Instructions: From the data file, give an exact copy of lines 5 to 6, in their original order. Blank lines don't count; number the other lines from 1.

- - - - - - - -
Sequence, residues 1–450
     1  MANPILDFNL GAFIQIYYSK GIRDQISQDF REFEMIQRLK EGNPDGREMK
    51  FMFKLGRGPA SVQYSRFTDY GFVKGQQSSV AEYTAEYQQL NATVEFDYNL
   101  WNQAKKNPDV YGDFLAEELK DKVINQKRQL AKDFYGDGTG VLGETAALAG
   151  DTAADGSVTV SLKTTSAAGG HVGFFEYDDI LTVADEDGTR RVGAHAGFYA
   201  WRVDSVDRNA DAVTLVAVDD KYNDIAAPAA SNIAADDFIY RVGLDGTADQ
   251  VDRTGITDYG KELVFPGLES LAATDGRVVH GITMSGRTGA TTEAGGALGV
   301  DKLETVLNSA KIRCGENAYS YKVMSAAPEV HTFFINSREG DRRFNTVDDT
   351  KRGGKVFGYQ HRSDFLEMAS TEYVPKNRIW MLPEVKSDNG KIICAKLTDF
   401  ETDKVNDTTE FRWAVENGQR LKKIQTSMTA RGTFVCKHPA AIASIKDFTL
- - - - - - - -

   151  DTAADGSVTV SLKTTSAAGG HVGFFEYDDI LTVADEDGTR RVGAHAGFYA
   201  WRVDSVDRNA DAVTLVAVDD KYNDIAAPAA SNIAADDFIY RVGLDGTADQ